Does the "universal" extinguish the local? The answer is more nuanced than one might think. One essay harrowingly details the extinction of local Balinese rule by the Dutch in 1908, only to reveal that, for reasons of convenience and maybe atonement, the Dutch then insisted the Balinese recreate a folkloric "South Seas paradise" myth, which was phoney where it wasn't anachronistic. Anyway, the re-invention turned out to be a brilliant investment in what become the underpinning of the tourist industry. Thus empire hid behind a fantasy of local identity, which became the theme for a globalised and globalising post-imperial business.

Anti-globalisers will find plenty of evidence here to support their contention that improved communications have often been deployed to project oppressive power. But that is an old story. What's fresh is much more cheering: evidence that global tendencies come in many forms, and that they have sometimes co-existed with the local, the historical and with each other. If we repeat history, we won't always be doing so badly. And knowing the kind of history this book helps pioneer will help us avoid repeating the worst bits.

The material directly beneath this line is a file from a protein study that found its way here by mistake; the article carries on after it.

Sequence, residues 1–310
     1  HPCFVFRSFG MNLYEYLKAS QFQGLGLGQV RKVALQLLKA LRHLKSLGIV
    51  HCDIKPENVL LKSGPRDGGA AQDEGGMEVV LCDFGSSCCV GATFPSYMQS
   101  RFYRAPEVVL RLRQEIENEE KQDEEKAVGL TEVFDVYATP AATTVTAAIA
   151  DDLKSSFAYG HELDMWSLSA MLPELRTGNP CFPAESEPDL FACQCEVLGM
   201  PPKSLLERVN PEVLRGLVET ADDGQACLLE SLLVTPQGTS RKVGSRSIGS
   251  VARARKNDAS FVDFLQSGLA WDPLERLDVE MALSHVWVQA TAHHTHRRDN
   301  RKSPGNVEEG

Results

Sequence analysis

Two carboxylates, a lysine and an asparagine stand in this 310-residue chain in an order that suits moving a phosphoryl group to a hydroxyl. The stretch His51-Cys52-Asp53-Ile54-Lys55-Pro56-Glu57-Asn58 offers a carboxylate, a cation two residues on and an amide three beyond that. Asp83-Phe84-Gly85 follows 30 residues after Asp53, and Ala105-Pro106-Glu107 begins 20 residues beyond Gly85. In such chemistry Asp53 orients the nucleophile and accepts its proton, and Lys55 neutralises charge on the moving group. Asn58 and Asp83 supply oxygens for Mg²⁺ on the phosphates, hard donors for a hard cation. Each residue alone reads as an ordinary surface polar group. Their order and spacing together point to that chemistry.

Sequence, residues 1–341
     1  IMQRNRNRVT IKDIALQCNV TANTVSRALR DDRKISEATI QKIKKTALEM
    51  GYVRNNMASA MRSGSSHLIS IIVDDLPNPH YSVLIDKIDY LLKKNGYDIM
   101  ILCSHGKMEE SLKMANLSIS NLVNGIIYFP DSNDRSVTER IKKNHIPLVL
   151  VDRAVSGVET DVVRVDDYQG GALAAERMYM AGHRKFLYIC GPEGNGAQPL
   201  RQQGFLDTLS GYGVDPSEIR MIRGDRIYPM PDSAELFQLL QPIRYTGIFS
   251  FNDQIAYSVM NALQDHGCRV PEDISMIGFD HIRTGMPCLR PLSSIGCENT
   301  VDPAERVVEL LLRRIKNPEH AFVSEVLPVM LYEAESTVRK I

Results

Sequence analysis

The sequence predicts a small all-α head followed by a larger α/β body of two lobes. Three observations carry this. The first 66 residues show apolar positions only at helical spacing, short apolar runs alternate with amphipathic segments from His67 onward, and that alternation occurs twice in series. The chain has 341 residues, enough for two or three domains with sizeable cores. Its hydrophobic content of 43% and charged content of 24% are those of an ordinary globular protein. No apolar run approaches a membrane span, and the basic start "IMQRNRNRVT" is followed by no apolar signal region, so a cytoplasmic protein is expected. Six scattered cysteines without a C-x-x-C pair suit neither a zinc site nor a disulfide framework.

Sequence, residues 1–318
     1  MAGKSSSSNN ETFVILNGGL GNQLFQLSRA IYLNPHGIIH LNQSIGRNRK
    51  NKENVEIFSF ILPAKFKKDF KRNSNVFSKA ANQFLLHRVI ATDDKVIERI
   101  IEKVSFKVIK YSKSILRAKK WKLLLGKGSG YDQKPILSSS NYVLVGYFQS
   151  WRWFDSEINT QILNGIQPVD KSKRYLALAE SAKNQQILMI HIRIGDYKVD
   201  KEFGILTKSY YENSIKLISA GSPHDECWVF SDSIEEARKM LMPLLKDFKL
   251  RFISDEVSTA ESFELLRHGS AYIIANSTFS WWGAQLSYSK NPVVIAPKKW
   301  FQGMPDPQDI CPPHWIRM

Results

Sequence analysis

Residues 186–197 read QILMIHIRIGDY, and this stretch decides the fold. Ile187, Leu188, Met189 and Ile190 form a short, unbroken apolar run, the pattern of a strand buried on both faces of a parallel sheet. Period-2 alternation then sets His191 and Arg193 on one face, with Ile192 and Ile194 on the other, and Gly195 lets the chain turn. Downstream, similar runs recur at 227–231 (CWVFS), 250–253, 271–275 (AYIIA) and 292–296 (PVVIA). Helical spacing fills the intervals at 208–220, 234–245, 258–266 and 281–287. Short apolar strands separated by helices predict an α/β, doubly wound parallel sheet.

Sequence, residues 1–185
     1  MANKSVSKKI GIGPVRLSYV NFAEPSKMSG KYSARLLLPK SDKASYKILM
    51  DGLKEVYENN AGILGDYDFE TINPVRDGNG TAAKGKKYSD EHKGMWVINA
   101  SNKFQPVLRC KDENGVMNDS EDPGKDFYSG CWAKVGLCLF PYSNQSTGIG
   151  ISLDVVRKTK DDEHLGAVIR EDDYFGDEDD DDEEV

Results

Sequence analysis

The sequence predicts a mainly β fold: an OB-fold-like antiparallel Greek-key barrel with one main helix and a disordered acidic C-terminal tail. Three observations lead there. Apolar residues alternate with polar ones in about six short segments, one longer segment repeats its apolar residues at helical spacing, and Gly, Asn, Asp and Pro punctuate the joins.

News
Northern exposure: social housing in Edinburgh, where Hassiba now works in a takeaway
books An Algerian scientist adjusts to life working in a kebab shop
Arts and Entertainment
Terminator Genisys: Arnie remains doggedly true to his word as the man who said 'I'll be back', returning once more to protect Sarah Connor in a new instalment

 

film review
Have you tried new the Independent Digital Edition apps?